English Sonnet 338

All one needs, in order to succeed,
Is to leave from every come-uppance,
All one needs to know is to concede,
Opportunities come more than once,

All one needs to do is to prepare,
In single steps by leaving out nothing,
Learn the witty-gritting with due care.
Ignoring, not even the smallest thing.

All we need perform is to match
Our efforts to mushrooming wishes
All one needs learn to attach
Equality to catch and misses

If one can do it, suddenly one might
Gain the higher than the wanted height.

English Sonnet 269


Narinder is no more, boundless treasure
Is lost to Dogri language. Without pleasure
And hyperbola I tell this happenstance;
In Nineteen fifty five- poesy- bitten,

I met him just for once and perchance
I handed him a poem, I had written.
And what he did to it, is the measure,
With which I judge his greatness at my leisure.

He read it in my presence seriously
And with a question mark, comma, word-
Corrected it and thus , mysteriously-
A pristine beauty on it he conferred.

But who could guess or think- at that time
That he would call it quit in his prime.

English Sonnet 268

A shy maiden’s pure caress

We panted through our copulation, we,
Then twaddled with endearing, purring sounds,
To slake the thirst of passion without bounds.
You, at that sleepy moment caressed me.

With tenderness and brushed my stubby cheek,
With lips, devoid of passion, full of ruth,
To bid your last adieus, with a smooth,
And silky, sideways glance, or so meek.

But afterwards the twain has never met,
We carved our separate niches in the world,
And often in my cozy corner curled-
The fire and heat of passion,- I forget.

But that blessed, solitary caress,
Has ever been a source of happiness.

English Sonnet 189


Love is some one hanging by the thread,
With tenderest cares spun, but fragile.
The threat of breaking, falling on the head,
Exists and fear is present all the while.

The balance in affection and envy-
At best precarious is. The feelings are
So easily hurt in love that you can see,
The wounds will, after healing, leave a scar.

We careful, careful dangling- hang on it,
We tie a well intentioned simple knot.
But when we want to unite, it is writ,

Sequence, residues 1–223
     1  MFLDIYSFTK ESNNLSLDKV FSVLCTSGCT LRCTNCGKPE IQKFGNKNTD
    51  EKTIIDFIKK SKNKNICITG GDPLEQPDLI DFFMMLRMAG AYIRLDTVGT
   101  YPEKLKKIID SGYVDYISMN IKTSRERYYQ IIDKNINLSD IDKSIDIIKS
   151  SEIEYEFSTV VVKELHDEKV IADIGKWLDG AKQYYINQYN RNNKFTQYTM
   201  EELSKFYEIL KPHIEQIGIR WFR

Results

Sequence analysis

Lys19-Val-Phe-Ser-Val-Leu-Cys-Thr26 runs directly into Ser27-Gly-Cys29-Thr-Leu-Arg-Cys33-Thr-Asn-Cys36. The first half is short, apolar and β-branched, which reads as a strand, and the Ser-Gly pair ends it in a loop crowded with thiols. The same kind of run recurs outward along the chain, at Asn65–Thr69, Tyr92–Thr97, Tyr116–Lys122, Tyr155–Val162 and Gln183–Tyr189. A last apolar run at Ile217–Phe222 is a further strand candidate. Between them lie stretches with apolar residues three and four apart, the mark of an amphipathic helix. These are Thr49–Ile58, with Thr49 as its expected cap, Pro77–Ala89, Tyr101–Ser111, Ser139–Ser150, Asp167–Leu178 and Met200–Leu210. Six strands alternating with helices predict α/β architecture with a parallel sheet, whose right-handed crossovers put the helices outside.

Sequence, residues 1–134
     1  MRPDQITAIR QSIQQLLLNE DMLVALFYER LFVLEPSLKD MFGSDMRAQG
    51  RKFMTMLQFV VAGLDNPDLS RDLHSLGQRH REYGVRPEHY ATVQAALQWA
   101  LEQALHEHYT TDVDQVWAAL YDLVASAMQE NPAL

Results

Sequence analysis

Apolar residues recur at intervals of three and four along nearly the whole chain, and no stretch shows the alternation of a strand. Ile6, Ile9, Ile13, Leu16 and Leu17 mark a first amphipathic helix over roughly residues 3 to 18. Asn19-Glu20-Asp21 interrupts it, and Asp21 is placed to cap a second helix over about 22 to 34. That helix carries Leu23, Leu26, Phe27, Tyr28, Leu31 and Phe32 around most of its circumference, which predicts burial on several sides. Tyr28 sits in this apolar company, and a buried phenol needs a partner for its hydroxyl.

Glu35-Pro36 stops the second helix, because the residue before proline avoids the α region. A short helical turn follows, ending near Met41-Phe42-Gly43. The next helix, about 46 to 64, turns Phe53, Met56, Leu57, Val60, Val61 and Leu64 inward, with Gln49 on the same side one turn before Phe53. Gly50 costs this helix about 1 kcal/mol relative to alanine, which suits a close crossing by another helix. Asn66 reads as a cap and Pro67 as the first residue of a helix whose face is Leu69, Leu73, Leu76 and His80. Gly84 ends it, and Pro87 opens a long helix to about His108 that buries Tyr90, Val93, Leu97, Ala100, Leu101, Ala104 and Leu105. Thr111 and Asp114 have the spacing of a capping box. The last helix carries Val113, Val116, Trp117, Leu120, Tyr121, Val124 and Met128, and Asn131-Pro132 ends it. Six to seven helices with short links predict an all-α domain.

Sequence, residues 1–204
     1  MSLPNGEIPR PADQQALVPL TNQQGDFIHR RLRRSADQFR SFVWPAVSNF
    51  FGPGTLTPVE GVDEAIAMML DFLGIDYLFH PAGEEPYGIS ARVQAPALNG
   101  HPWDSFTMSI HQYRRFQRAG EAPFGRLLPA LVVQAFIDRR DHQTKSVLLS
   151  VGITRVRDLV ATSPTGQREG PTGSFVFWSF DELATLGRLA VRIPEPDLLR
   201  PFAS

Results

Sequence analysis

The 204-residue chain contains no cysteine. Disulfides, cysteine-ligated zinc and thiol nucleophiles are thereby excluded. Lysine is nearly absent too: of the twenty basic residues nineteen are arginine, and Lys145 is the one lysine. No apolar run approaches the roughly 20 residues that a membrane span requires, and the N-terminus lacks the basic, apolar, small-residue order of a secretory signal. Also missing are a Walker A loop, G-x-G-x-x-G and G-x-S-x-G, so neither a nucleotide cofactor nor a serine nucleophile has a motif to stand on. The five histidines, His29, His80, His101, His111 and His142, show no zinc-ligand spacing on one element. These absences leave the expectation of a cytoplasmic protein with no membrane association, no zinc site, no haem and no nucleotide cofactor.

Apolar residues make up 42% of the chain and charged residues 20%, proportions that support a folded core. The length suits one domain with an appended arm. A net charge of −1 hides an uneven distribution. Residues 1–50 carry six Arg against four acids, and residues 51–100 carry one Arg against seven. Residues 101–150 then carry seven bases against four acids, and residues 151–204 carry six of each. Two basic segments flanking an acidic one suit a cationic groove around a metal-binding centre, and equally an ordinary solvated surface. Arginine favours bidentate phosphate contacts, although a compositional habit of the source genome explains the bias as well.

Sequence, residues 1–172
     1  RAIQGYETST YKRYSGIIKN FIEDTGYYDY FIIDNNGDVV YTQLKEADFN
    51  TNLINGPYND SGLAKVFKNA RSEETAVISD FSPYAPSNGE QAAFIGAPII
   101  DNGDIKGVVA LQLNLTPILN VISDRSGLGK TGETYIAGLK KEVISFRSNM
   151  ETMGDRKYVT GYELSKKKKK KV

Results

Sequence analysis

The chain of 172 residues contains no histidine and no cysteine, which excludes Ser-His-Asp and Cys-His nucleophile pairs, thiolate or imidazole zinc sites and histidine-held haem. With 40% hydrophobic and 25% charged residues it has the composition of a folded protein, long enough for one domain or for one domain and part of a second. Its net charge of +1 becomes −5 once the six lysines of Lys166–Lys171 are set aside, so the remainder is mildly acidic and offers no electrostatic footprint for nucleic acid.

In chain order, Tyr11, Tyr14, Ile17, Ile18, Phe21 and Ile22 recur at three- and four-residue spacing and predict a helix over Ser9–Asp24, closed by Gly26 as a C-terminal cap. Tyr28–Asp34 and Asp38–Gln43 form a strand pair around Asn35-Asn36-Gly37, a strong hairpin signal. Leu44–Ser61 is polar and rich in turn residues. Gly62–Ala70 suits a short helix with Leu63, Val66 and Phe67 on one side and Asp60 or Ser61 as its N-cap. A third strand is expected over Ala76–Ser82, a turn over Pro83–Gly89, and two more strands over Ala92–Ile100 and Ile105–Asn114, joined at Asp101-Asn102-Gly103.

We try with hands and nails, it opens not.

With tears in eyes and panting, wheezing breath,
Then in the end we have to use our teeth.

English Sonnet 146

There lives in me somewhere a little boy,
Who loves a man without a regular daily wage.
And without any guile or any ploy
Is happy with his lot in middle ok.

I have a stereotypical image
Of such an unimaginable man,
I often look at it in deep amaze,
and often wonder if a human can

So choose deliberately to live,
On whatsoever lightly he can carry.
Incredibly I like to so believe,
And still be healthy, hearty, hale and merry.

There is a boy who still resides in me
And such an rageless man we desire to be.

English Sonnet 139

She launched herself upwards in her haste,
Got tangled in the branches and the leaves.
Her effort ended in a bruised waste.
With downward hanging head she sorely grieves

With more than wounded limbs bruised flesh,
Under the spell of soul destroying blues,
Which have spun a byzantine mesh,
Around her person without any clues.

For coming out of it and extricate
Her mind frowning state and privacy,
As all the indicators indicate,
It merely is an old woman’s tale.

That opportunities, once only knocks.
That chance not taken , future chance blocks.

English Sonnet 131

Two winding trails issue from the hill,
Thickly wooded ,foliage curved one.
And recede each towards the silent watermill,
Which sits along the river- on the run.

Towards overhanging river cliff,
Precariously where sits the town
Where perched a town preciously, as if,
At any moment, it was going to fall,

Into the river below. All in all.
The trails, river, watermill and town
Are parts of an ever-recovering theme,